Now, the Sort Of answer. This is the part that most people don’t understand when it comes to Real Estate. Real Estate is not a fixed or constant market; rather, pricing is fluid. Every time someone gets a “steal” on a property, it affects every other property in the surrounding area, even properties that are not necessarily comparables, by decreasing the price per square foot in a market. This is the same rationale that pushed prices ever higher during the bubble, working in reverse. So, you get a deal and set a new value for properties in your market. The next buyer, for better or worse, will likely do the same to you. The current market is fickle when it comes to value. I have seen the same property appraise out higher and lower than the purchase price in a 12-month period over the last year. That was unheard of until now. There are so few comparables and there is no baseline for pricing, so the fluctuations are exaggerated in a way that we have never seen before.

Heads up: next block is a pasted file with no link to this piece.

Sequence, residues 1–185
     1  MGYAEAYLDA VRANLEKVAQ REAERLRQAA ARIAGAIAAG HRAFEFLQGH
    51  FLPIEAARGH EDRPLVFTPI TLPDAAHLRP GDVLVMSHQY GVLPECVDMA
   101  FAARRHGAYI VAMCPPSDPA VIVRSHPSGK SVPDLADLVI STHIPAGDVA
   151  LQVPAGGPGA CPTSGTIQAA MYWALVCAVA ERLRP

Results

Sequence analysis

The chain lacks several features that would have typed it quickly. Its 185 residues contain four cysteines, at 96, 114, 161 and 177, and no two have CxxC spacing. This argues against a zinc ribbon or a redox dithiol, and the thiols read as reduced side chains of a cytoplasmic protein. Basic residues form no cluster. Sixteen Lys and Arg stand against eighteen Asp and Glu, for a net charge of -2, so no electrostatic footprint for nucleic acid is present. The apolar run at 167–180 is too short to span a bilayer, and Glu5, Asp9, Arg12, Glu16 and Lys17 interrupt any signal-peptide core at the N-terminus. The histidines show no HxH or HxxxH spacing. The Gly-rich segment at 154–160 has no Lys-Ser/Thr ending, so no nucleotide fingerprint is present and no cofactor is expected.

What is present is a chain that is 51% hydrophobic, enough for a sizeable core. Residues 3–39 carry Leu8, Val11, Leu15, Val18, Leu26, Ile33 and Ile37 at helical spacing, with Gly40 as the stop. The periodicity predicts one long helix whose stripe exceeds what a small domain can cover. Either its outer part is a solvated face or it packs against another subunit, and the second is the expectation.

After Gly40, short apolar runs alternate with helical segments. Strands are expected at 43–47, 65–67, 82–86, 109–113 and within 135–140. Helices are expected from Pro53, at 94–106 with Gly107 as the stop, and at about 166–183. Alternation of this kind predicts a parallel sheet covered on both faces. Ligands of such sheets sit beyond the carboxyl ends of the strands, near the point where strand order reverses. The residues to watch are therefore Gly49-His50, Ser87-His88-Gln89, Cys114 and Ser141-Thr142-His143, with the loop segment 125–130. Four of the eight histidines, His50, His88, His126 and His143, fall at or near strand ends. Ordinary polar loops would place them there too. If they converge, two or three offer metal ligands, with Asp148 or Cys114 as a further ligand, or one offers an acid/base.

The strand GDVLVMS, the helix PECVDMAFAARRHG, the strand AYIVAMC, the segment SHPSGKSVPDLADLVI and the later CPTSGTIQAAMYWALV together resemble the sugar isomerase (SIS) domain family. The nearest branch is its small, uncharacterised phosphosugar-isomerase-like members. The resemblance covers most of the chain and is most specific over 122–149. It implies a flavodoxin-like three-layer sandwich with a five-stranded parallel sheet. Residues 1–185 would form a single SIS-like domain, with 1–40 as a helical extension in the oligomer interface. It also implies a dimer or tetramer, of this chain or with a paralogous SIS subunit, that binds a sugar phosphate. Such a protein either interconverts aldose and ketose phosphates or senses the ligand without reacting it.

So, should you look at Short Sales? Foreclosures? Yes, absolutely. I just don’t think you should think of them as being any different as any other property on the market when it comes to pricing. I also think that as a buyer, you need to sit down and put together a very specific plan in terms of time line and expectations. For instance, if you are trying to close in time to qualify for the soon-to-expire tax credit, I think it’s basically out of the question to start looking at Short Sales right now.
If your desire is to play the market and look for that once-in-a-lifetime investment opportunity, then frankly, the tax credit shouldn’t even matter. You are looking for your savings on the purchase price or the opportunity to get into a property that you wouldn’t be able to get in any other market.